Over a quarter of a billion more people could crash into extreme levels of poverty in 2022 because of COVID-19, rising global inequality and the shock of food price rises supercharged by the war in Ukraine, reveals a new brief from Oxfam.
“First Crisis, Then Catastrophe”, published ahead of the World Bank and IMF Spring Meetings in Washington DC, shows that 860 million people could be living in extreme poverty — on less than $1.90 a day — by the end of this year. This is mirrored in global hunger: the number of undernourished people could reach 827 million in 2022.
The World Bank had projected COVID-19 and worsening inequality to add 198 million extreme poor during 2022, reversing two decades of progress. Based on research by the World Bank, Oxfam now estimates that rising global food prices alone will push 65 million more people into extreme poverty, for a total of 263 million more extreme poor this year —equivalent to the populations of the UK, France, Germany and Spain combined.
“Without immediate radical action, we could be witnessing the most profound collapse of humanity into extreme poverty and suffering in memory,” said Oxfam International executive director Gabriela Bucher. “This terrifying prospect is made more sickening by the fact that trillions of dollars have been captured by a tiny group of powerful men who have no interest in interrupting this trajectory.”
As many people struggle now to cope with sharp cost-of-living increases, having to choose between eating or heating or medical bills, the likelihood of mass starvation faces millions of people already locked in severe levels of hunger and poverty across East Africa, the Sahel, Yemen and Syria.
The brief notes that a wave of governments is nearing a debt default and being forced to slash public spending to pay creditors and import food and fuel. The world’s poorest countries are due to pay $43 billion in debt repayments in 2022, which could otherwise cover the costs of their food imports. Global food prices hit an all-time high in February, surpassing the peak crisis of 2011. Oil and gas giants are reporting record-breaking profits, with similar trends expected to play out in the food and beverage sector.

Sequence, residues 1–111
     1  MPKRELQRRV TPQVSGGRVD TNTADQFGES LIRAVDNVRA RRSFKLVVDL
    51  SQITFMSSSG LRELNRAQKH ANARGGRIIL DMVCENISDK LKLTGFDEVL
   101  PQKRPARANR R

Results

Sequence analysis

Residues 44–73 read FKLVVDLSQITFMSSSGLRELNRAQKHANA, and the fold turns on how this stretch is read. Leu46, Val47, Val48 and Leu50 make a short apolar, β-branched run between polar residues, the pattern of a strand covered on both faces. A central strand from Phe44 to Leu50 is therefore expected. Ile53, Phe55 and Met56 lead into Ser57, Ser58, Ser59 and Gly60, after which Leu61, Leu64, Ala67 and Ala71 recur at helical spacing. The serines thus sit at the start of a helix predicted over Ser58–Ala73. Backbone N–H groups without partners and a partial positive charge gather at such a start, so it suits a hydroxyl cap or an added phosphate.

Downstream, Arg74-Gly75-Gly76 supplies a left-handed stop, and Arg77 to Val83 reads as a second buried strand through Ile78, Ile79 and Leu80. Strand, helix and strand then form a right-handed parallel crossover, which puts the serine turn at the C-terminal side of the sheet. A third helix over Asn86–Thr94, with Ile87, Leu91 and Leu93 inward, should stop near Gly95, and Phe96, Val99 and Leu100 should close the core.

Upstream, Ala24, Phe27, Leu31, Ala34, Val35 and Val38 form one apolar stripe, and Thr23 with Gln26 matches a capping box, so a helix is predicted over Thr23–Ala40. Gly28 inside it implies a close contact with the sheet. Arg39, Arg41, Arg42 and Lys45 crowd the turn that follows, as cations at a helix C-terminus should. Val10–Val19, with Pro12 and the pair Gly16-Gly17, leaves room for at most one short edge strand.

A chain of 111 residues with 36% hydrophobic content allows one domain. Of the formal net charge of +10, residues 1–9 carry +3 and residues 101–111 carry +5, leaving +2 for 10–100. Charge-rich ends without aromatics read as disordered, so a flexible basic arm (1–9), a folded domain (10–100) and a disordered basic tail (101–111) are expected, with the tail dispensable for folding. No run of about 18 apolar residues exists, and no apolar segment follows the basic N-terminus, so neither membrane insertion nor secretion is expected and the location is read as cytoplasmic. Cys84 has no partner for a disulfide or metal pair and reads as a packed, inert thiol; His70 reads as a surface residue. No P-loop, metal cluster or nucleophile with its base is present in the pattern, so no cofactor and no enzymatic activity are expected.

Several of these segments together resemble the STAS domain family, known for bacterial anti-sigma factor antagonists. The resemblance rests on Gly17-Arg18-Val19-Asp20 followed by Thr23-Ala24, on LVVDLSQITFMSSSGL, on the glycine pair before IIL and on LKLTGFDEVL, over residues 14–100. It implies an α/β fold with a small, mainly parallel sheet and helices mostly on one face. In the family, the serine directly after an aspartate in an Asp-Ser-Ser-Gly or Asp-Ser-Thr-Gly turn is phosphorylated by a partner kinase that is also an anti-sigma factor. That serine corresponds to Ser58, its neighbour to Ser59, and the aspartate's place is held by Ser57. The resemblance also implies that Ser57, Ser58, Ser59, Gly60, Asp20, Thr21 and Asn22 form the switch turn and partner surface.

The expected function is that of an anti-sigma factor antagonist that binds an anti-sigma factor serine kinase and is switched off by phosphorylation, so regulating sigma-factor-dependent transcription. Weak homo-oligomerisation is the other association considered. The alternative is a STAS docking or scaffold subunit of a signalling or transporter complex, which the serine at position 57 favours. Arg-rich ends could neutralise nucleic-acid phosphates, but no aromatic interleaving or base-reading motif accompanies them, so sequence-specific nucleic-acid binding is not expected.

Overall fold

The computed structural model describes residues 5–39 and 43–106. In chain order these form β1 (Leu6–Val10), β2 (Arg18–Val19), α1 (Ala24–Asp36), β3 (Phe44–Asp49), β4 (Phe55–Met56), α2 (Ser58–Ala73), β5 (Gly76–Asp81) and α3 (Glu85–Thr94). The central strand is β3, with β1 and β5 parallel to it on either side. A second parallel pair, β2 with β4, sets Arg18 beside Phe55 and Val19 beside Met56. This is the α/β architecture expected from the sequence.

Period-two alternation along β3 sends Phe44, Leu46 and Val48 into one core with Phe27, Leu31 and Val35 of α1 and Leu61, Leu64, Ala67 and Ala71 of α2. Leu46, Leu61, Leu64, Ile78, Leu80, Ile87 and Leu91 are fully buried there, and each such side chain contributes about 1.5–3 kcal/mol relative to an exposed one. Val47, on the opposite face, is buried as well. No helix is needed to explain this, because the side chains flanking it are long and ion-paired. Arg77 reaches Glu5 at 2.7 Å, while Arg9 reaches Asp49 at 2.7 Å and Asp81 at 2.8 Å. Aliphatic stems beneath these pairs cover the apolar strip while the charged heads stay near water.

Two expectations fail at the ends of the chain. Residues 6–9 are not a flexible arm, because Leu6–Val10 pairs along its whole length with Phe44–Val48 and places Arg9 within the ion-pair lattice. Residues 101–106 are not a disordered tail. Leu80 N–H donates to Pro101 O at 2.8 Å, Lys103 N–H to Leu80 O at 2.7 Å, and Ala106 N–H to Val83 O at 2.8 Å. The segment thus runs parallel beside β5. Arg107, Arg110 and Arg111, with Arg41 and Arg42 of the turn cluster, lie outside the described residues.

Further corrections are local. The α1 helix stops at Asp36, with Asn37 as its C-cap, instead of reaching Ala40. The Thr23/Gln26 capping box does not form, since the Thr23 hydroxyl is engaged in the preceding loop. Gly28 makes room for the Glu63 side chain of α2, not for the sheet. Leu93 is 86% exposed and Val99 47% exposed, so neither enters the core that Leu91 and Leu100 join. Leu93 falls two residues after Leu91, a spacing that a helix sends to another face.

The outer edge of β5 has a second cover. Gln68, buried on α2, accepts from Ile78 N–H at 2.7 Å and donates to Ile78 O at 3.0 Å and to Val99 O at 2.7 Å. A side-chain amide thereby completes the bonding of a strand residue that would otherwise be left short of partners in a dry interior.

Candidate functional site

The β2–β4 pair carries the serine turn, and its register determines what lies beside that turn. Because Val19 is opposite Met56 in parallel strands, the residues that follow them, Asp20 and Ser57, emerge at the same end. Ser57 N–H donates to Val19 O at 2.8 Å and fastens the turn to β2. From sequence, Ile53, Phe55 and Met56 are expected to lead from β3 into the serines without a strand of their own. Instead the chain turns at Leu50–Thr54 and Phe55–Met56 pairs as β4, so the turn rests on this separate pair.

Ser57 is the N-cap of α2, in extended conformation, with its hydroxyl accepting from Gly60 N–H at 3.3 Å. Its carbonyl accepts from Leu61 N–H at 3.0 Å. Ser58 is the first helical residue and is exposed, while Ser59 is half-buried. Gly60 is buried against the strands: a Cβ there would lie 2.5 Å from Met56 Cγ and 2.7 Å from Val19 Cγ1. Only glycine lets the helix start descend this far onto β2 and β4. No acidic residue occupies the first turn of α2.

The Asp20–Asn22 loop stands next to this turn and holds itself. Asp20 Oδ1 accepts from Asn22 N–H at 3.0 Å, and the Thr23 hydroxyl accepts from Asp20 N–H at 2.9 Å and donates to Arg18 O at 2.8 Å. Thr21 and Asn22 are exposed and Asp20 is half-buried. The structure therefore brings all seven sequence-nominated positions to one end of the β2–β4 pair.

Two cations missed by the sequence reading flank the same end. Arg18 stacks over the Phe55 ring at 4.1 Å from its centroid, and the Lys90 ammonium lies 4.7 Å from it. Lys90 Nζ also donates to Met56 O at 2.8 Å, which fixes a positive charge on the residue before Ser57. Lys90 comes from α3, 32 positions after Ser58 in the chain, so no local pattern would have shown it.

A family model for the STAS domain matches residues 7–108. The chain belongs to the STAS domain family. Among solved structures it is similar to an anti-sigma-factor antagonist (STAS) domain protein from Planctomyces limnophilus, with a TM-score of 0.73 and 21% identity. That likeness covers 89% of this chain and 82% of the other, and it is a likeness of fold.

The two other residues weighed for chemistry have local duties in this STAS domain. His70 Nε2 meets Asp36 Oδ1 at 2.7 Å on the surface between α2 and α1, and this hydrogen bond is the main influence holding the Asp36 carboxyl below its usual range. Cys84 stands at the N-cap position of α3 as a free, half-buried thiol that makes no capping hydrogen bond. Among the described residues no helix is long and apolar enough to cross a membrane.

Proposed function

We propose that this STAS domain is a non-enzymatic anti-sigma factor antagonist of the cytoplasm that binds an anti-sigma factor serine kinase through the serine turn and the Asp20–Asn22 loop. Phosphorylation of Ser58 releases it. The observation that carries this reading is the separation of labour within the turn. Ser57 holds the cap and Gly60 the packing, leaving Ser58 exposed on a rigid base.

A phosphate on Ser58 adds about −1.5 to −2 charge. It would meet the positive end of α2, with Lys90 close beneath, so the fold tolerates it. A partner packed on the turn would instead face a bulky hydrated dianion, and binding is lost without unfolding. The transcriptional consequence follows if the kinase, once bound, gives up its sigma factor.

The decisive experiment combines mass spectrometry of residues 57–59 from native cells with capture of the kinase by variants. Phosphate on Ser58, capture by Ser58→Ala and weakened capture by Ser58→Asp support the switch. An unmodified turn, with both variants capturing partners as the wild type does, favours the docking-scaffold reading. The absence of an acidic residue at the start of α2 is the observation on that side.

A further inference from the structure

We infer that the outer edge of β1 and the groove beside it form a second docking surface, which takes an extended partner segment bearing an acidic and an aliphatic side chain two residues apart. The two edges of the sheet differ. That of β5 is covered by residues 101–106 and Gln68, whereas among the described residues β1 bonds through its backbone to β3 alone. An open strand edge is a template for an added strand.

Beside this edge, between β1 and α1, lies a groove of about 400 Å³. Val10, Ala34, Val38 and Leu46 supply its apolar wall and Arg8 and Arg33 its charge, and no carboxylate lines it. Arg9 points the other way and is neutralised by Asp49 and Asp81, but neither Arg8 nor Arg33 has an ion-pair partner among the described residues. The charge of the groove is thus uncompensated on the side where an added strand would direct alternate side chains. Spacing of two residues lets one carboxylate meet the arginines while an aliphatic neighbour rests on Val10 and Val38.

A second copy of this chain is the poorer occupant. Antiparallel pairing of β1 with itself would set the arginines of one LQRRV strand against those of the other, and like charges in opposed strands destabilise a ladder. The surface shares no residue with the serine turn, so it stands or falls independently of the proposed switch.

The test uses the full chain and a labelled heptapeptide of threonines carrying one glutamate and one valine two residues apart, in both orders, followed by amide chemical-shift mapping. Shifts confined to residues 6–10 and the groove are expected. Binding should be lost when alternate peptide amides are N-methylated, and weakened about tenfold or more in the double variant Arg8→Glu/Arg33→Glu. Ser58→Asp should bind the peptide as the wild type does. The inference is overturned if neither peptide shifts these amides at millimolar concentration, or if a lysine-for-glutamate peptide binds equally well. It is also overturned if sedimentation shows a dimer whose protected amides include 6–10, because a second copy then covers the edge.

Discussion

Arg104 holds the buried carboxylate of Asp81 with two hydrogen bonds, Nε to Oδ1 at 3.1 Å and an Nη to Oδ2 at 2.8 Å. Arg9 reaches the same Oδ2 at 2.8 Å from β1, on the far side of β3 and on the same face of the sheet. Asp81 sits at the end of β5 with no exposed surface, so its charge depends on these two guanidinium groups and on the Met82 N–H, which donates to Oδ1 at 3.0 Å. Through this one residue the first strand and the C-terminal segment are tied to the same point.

People in poverty are being hit harder by these shocks. Rising food costs account for 17 percent of consumer spending in wealthy countries, but as much as 40 percent in Sub-Saharan Africa. Even within rich economies, inflation is super-charging inequality: in the US, the poorest 20 percent of families are spending 27 percent of their incomes on food, while the richest 20 percent spend only 7 percent.
For most workers around the world, real-term wages continue to stagnate or even fall. The effects of COVID-19 have widened existing gender inequalities too — after suffering greater pandemic-related job losses, women are struggling to get back to work. In 2021, there were 13 million fewer women in employment compared to 2019, while men’s employment has already recovered to 2019 levels.
The report also shows that entire countries are being forced deeper into poverty. COVID-19 has stretched all governments’ coffers but the economic challenges facing developing countries are greater, having been denied equitable access to vaccines and now being forced into austerity measures.
Despite COVID-19 costs piling up and billionaire wealth rising more since COVID-19 than in the previous 14 years combined, governments — with few exceptions — have failed to increase taxes on the richest. An annual wealth tax on millionaires starting at just 2 percent, and 5 percent on billionaires, could generate $2.52 trillion a year —enough to lift 2.3 billion people out of poverty, make enough vaccines for the world, and deliver universal healthcare and social protection for everyone living in low- and lower middle-income countries.
“We reject any notion that governments do not have the money or means to lift all people out of poverty and hunger and ensure their health and welfare. We only see the absence of economic imagination and political will to actually do so,” Bucher said.
“Now more than ever, with such scale of human suffering and inequality laid bare and deepened by multiple global crises, that lack of will is inexcusable and we reject it. The G20, World Bank and IMF must immediately cancel debts and increase aid to poorer countries, and together act to protect ordinary people from an avoidable catastrophe. The world is watching”.